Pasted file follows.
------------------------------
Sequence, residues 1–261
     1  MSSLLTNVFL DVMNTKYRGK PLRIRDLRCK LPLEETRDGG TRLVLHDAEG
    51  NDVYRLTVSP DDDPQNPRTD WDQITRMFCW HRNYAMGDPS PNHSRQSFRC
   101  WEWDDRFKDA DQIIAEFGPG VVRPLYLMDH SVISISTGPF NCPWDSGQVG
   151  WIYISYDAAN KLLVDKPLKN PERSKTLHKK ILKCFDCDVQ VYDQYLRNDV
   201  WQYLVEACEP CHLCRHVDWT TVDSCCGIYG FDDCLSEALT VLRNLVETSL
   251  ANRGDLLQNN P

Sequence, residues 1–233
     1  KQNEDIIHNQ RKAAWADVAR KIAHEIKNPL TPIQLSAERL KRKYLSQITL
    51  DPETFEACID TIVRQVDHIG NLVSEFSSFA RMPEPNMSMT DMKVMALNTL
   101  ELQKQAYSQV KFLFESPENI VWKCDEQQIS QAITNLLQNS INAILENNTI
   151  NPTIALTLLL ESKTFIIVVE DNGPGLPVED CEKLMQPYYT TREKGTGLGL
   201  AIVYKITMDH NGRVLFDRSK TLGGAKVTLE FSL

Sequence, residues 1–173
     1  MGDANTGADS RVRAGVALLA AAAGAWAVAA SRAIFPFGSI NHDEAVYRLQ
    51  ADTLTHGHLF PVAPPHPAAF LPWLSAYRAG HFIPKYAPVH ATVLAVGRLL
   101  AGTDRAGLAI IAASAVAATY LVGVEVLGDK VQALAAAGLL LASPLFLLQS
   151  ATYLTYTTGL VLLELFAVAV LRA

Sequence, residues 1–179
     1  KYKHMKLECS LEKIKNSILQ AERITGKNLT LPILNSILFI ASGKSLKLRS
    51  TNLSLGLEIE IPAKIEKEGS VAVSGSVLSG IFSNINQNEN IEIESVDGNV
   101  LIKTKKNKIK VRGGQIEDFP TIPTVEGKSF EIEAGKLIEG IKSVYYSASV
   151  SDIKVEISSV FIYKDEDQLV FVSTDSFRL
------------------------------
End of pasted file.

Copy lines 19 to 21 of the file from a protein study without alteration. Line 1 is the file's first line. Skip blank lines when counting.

Sequence, residues 1–179
     1  KYKHMKLECS LEKIKNSILQ AERITGKNLT LPILNSILFI ASGKSLKLRS
    51  TNLSLGLEIE IPAKIEKEGS VAVSGSVLSG IFSNINQNEN IEIESVDGNV